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Unbounded Solution

In some LP models, the values of the variables may be increased indefinitely without violating
any of the constraints, meaning that the solution space is unbounded in at least one direction. As
a result, the objective value may increase (maximization case) or decrease (minimization case)
indefinitely. In this case, both the solution space and the optimum objective value are
Unboundedness points to the possibility that the model is poorly constructed. The most
likely irregularities in such models are that one or more nonredundant constraints have not been
accounted for, and the parameters (constants) of some constraints may not have been estimated
The rule for recognizing unboundedness is that if at any iteration all the constraint
coefficients of any non basic variable are zero or negative, then the solution space is unbounded
in that direction. If, in addition, the. Objective coefficient of that variable is negative in the case
of maximization or positive in the case of minimization, then the objective value is unbounded as

Two-Phase Simplex Method

The two-phase simplex method is another method to solve a given LPP involving some artificial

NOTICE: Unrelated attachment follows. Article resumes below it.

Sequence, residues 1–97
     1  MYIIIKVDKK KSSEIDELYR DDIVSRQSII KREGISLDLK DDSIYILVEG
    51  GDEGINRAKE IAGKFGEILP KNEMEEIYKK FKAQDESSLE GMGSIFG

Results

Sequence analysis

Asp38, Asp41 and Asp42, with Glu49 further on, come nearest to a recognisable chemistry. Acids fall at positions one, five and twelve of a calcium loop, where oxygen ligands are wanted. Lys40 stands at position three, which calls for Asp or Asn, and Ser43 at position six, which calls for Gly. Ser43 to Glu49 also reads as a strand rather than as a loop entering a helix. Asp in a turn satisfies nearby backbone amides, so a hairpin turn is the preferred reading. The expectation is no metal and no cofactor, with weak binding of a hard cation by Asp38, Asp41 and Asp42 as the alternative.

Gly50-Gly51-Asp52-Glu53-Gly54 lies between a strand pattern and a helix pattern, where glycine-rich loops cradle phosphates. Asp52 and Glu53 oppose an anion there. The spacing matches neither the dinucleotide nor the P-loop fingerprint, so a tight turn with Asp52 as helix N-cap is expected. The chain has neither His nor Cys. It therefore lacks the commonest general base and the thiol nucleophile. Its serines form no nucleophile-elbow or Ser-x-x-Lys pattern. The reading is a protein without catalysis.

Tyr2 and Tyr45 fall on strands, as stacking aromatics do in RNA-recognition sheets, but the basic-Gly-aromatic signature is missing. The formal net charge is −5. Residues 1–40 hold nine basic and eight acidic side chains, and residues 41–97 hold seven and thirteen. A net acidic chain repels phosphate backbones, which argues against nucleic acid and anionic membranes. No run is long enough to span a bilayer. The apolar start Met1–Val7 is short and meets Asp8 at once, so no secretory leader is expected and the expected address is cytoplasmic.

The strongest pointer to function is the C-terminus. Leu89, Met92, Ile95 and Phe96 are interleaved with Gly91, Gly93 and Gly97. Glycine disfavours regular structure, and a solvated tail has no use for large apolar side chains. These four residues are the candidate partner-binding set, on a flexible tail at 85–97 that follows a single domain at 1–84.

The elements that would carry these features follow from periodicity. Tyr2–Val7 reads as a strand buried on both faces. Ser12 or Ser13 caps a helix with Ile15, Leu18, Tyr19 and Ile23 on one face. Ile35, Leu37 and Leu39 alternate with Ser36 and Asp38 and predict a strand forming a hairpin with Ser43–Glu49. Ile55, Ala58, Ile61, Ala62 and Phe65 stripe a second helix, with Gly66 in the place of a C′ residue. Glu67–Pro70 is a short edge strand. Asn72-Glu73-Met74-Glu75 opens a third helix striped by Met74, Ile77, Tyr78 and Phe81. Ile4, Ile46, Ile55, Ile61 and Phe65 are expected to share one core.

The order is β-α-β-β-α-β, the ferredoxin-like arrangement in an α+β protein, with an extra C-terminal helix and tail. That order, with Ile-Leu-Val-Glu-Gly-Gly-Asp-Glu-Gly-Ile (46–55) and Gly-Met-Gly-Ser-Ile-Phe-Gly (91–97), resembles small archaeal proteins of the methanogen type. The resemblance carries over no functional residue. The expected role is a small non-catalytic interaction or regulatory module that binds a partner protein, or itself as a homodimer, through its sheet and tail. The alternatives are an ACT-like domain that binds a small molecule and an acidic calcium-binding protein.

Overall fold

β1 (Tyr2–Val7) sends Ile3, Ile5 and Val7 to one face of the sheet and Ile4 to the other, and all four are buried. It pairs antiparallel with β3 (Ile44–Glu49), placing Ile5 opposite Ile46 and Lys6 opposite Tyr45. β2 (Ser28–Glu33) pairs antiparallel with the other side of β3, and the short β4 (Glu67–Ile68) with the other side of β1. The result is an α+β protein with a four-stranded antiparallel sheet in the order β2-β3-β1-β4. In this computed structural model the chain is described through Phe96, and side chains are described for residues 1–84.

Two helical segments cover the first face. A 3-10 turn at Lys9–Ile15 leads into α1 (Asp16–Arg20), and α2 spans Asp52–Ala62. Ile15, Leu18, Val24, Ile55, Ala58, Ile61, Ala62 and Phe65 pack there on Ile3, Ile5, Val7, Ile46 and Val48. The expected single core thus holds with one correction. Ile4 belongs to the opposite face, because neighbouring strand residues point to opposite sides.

variable. The solution is obtained in two phases.
Phase I
In this phase, we construct an auxiliary LPP leading to a final simplex table containing a basic
feasible solution to the original problem.
Step 1 Assign a cost -1 to each artificial variable and a cost 0 to all other variables and get a new
Objective function z' = -AI -A2 -A3 .............where Ai are artificial variable.
Step 2 Write down the auxiliary LPP in which the new objective function is to be maximized
subject to the given set of constraints.
Step 3 Solve the auxiliary LPP by simplex method until either of the following three cases arise:
(i) Max z. < 0 and at least one artificial variable appears in the optimum basis at positive level.
(ii) Max z* = 0 and at least one artificial variable appears in the optimum basis at zero level.
(iii) Max z* = 0 and no artificial variable appears in the optimum basis.
In case (i), given LPP does, not possess any feasible solution, whereas in case (ii) and (iii) we
go to phase II.
Use the optimum basic feasible solution of phase I as a starting solution for the original LPP.
Assign the actual costs to the variable in the objective function and a zero cost to every artificial
variable in the basis at zero level. Delete the artificial variable column from the table which is
eliminated from the basis in phase I. Apply simplex method to the modified simplex table
obtained at the end of phase I till an optimum basic feasible is obtained or till there is an
indication of unbounded solution.